5. Surprisingly, the Commissioner also referred to the provisions of Section 292 (2) of the Indian Penal Code, inter alia observing that such item of import would be hit by the said provision, which ordains that a book, pamphlet, paper, writing, drawing, painting, representation, figure or any other object shall be deemed to be obscene if it is lascivious or appeals to the prurient interest or if its effect, or (where it comprises two or more distinct items) the effect of any one of its items, is, if taken as a whole, such as to tend to deprave and corrupt the persons, who are likely, having regard to all relevant circumstances, to read, see or hear the matter contained or embodied in it. The Commissioner, thereafter, considering the effect of Notification No.1/1964 dated 18 January 1964 is-sued under the provisions of Section 11 of the Customs Act, proceeded to hold that the import for such reasons would stand covered by Clause (ii) of the said notification, which prohibited import of any obscene book, pamphlet, paper, writing, drawing, painting, representation, figure or any other object. The relevant observations made by the Commissioner in the Order-in-Original are required to be noted which read thus:-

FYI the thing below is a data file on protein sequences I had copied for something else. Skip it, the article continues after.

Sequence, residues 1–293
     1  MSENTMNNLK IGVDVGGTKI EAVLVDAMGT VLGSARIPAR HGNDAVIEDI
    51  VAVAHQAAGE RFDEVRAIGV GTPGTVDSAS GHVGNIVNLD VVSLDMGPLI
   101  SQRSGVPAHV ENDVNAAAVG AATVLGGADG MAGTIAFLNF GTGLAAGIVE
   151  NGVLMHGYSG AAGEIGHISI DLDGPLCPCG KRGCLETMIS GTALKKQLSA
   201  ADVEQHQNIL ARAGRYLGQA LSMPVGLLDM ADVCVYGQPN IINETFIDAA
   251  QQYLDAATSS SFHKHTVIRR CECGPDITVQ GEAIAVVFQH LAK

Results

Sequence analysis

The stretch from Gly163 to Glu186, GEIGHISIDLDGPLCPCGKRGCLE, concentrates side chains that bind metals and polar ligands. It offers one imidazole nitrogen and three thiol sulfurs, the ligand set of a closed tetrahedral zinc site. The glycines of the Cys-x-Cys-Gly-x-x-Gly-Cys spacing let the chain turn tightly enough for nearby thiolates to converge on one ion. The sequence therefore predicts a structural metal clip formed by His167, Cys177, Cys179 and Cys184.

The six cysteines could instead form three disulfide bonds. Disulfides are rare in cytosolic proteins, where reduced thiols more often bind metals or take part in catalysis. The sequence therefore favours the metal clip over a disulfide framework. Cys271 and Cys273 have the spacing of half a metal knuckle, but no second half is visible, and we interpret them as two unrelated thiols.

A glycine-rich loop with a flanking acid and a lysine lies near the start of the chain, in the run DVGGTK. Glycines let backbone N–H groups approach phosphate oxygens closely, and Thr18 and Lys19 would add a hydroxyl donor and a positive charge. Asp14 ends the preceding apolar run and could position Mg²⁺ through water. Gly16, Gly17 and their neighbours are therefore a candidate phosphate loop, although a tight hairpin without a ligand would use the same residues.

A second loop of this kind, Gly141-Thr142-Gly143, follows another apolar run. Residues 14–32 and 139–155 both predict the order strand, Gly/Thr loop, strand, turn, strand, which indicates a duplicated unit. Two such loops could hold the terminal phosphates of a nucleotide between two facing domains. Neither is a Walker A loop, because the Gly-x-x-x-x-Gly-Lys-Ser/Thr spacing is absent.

““51.1 From the opinion of the experts both that of the department and importers. I find that it is accepted fact that the goods are in the natures of goods which act as body massagers and capable of and being used as devices as adult sex toys to satisfy basic instincts of people. The subject product is containing as article which falls under category of “Obscene Article” {Sex Toys) packaged in a cloth bag. The box is having a charging cable also. It is seen on Internet, that the item (identical) is being traded on amazon website-https:/ /www.amazon.in/Caresmith-Massager-Sports-Relidf- Entire/dp/B08 CZSD7KF. The reviews of customers and replies to customer queries by suppliers, like the Customers/users reviews on questions and answers on Caresmith Wave Body Massager are Question:- ls the massager safe to use for women? Also is it washable? Answer by one the customer : Yes safe and washable too. Question: – can this be used for masturbation? Answer by the customer: Yes it can be used just clean it before using confirms that the item is being used as Ob-scene Article (Sex Toys). Further contention of the importer that since the goods are sold through e-commerce websites like Amazon.in and Flipkart.com the items cannot be prohibited is not tenable as e-commerce companies like Amazon, Flipkart are not competent to decide whether the goods are prohibited or not.